If you’re bringing your laptop on your month-long hike in the Amazon rain-forest, you’ll probably want a bag with extra waterproof properties. However, as much as I believe you can WoW just about anywhere, I would advise against WoWing while on a month-long hike in the Amazon rain-forest.
In my experience, your fancy shmancy gaming mouse and impressive headset are most likely to be what gets destroyed during transit, not your laptop. The wires seem to have self destruction properties. Coil them gently and secure them with a tie wrap. If you’re not planning to game in airports, put your mouse in your suitcase with your clothes. Headsets can be placed at the very top of a backpack. They’re great to have around for long flights, far more comfortable than silly little earbuds.
If you have a physical authenticator (as you can see from that picture, I do), keep it in a small pocket on one of your bags, or on a keychain. ALWAYS put it back to the same spot. Nothing is more annoying than thinking you lost your authenticator on the streets of a distant city.
Finding Free Internet
Most hotels and youth hostels have wi-fi. Trains sometimes do. Coffee shops typically have free wireless. I’ve seen bars with it too (why, I cannot say) If you want to spend money, you can probably find gaming cafés around where you can use their computers to play WoW, but I dunno, it just feels…dirty.
When you’re using public networks, play it safe, make sure you have an authenticator. (I have no idea if people would be watching public networks for WoW information, but still, you should have an authenticator anyway.)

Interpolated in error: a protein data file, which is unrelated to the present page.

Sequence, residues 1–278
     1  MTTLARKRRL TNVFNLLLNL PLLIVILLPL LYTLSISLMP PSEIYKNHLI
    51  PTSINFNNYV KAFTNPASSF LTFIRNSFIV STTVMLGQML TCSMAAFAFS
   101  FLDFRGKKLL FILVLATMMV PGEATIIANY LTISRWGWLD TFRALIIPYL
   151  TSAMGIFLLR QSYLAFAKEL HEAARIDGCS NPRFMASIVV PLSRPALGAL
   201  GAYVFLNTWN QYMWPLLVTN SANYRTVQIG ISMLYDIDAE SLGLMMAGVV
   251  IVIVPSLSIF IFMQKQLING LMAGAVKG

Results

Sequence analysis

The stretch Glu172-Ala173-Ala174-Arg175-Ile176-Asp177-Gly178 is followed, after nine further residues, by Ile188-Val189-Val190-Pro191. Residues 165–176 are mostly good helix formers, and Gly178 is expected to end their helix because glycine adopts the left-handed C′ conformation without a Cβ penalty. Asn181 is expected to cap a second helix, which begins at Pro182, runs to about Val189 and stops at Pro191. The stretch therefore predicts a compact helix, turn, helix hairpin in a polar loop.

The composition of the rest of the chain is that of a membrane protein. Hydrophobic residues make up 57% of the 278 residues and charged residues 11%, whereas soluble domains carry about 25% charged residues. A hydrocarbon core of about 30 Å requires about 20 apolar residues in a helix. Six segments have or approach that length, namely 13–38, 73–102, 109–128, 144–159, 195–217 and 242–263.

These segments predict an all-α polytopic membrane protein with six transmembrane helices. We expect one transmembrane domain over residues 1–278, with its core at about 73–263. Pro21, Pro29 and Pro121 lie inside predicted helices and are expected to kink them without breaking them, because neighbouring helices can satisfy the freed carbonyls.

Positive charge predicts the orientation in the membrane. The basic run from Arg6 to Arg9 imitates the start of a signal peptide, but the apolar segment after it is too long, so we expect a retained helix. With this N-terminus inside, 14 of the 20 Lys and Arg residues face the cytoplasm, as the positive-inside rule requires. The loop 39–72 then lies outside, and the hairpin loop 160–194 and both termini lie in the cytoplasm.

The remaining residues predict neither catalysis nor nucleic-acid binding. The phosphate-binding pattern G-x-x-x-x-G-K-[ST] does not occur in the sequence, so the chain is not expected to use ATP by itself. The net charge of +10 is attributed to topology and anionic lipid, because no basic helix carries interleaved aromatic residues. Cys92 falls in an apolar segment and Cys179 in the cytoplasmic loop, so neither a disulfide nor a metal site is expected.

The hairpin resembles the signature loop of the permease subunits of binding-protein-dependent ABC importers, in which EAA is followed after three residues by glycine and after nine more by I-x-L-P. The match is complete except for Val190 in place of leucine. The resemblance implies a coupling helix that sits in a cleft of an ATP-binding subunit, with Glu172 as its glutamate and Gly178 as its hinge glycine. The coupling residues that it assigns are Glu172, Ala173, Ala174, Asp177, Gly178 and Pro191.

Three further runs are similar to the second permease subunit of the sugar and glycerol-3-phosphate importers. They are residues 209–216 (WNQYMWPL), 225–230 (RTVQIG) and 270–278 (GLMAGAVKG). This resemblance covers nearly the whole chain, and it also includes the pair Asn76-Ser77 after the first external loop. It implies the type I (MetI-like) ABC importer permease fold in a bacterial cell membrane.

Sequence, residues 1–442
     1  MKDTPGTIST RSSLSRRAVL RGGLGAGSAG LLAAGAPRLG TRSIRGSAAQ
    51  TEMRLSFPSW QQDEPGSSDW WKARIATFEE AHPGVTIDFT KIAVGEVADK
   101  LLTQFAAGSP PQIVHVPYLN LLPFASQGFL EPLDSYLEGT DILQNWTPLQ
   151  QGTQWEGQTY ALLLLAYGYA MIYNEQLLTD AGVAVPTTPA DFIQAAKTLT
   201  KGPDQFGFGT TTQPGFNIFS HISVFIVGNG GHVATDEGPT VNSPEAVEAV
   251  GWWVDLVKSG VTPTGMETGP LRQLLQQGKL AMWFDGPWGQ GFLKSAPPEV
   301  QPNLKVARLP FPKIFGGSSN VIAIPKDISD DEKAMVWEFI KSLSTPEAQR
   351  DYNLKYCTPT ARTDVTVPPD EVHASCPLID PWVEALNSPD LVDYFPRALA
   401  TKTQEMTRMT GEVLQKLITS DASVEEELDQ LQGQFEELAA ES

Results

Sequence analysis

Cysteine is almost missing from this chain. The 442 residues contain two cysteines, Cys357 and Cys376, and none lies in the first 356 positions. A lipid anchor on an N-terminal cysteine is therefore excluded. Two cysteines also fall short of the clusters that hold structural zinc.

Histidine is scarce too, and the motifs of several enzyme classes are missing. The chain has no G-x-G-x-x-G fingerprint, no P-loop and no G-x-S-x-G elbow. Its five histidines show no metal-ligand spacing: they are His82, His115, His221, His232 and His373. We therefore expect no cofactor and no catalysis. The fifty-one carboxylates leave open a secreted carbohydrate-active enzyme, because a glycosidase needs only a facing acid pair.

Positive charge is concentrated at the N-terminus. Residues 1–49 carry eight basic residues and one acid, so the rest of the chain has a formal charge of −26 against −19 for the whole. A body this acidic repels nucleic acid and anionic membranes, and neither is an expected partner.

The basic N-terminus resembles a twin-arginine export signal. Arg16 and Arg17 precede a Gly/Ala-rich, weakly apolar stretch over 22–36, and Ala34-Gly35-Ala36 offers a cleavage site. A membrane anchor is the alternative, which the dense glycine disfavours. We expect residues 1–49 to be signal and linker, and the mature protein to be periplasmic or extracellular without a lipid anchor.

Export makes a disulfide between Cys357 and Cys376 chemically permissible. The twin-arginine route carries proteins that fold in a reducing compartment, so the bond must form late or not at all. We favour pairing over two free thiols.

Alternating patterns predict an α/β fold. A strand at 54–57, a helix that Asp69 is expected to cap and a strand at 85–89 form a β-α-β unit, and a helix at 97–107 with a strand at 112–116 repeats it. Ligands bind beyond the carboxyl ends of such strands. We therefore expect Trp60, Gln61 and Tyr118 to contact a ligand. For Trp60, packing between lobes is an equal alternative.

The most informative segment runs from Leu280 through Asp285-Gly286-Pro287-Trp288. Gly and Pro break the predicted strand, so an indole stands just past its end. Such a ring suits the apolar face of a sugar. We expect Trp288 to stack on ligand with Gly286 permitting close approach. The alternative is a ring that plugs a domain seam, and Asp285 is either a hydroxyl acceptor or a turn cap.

Interesting tidbit about hotel internet, it seems like the more expensive the hotel, the more inconvenient the internet.
General rule, if the internet is slow or shaky, playing WoW is not only annoying, but rude. Don’t hog the bandwidth if there isn’t enough to play the game properly.
On Playing in Public
It’s ok to play in public, as long as you’re not hogging bandwidth. Talking on vent in public is iffy. I know it’s a sad world where it’s socially acceptable to yell obscenities into your cell phone while in public while talking on vent is not.
I’ve done entire raids in hotel lobbies before and haven’t even been victim of a double look.
Just remember to enjoy your trip too
Let us forget about last year’s Noblegarden event. The event where I was in Toronto on a school trip and spend my evenings in my hotel room, camping eggs while my classmates were out partying. Let us forget that.
Do play WoW at times to unwind and keep in touch with your friends. Don’t ruin your trip by camping eggs.
Now you’ll have to excuse me, it’s almost time to make my way to the Greyhound station.